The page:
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Sound City boss Pichilingi heads up Modern Sky USA

The Sound City founder becomes CEO UK and North America at entertainment company Modern Sky, to help bridge the gap between the Chinese and US music market

By Anna Grace on 16 Aug 2019

Dave Pichilingi CEO UK and North America at Modern Sky

Dave Pichilingi

image © John Johnson

Dave Pichilingi, who launched Modern Sky UK in 2016, is expanding his role to take over operations at the company’s US division.

In his new role as chief executive UK and North America, Pichilingi will divide his time between Modern Sky’s Liverpool and London-based UK office, and the company’s Los Angeles home.

Founded by LiHui Shen in 1997, Modern Sky Entertainment is a multi-faceted entertainment company, operating across live, recording, publishing and video. Modern Sky is the largest independent record label in China and promotes music festivals in the country, under the banner of Strawberry Festivals and MDSK.

Pichilingi launched Modern Sky UK along with LiHui Shen as part of a partnership with Sound City, of which Pichilingi is founder and chief executive. Sound City is the company behind music conferences and showcase festivals in Liverpool, Manchester, New York and Seoul.

In his new role, Pichilingi will look to generate opportunities for Modern Sky’s Chinese repertoire for sync and publishing.

The Sound City boss will also work with US brands in conjunction with Modern Sky’s festival portfolio and video and streaming platform MNOW, which has over 42 million subscribers and an in-built ticketing service.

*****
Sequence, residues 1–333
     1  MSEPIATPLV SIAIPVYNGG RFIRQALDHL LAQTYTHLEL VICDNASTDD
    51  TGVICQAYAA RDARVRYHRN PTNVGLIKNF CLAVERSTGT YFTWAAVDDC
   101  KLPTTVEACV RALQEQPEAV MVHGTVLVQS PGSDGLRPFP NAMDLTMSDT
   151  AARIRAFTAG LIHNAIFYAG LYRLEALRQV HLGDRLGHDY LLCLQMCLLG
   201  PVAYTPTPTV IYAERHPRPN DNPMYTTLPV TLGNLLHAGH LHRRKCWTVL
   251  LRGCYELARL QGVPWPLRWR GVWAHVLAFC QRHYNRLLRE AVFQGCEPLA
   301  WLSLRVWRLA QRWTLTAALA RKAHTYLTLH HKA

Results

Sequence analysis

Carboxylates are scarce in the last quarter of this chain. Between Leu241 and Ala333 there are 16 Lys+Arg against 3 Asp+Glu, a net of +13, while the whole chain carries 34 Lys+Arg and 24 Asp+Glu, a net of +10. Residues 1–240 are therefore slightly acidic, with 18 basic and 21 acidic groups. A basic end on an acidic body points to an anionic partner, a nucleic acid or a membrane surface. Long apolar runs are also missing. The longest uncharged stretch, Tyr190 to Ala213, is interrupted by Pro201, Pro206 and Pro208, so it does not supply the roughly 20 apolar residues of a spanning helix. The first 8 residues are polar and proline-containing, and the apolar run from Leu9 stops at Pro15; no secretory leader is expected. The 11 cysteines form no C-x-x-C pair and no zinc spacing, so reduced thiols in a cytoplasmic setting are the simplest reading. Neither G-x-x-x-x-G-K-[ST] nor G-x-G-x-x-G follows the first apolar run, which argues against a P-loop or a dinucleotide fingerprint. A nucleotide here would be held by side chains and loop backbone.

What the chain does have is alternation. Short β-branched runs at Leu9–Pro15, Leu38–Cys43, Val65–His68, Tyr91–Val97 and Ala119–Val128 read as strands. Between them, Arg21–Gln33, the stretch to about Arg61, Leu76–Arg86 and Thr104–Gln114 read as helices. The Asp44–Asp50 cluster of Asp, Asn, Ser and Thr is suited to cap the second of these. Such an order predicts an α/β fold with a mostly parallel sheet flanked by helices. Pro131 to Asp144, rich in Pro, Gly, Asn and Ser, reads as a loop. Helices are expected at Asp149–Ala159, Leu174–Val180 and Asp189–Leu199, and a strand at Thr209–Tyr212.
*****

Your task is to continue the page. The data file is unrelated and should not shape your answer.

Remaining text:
“We [Modern Sky] believe we’ve got the best pipeline for western businesses looking to make headway in the Asian market”

“Modern Sky is in a fairly unique position as the custodian of a large, excellent Chinese music catalogue, particularly in hip hop, contemporary folk, electronic and guitar genres,” says Pichilingi. “We’re seeing a big increase in the demand for Chinese repertoire and want to generate new opportunities for our artists.

“As far as working with brands in the US is concerned, we believe we’ve got the best pipeline for western businesses looking to make headway in the Asian market and communicate with a large, engaged and targeted young audience with plenty of disposable income and a keen interest not just in western music but in lifestyles and wider pop culture as well.”

Talking to IQ ahead of his promotion, Pichilingi discussed the potential of the Chinese music market, stating that approximately 550 million people consume popular music in the country.

“The level of opportunity in Asia in general is huge,” Pichilingi told IQ, “and it is still a relatively untapped marketplace.”


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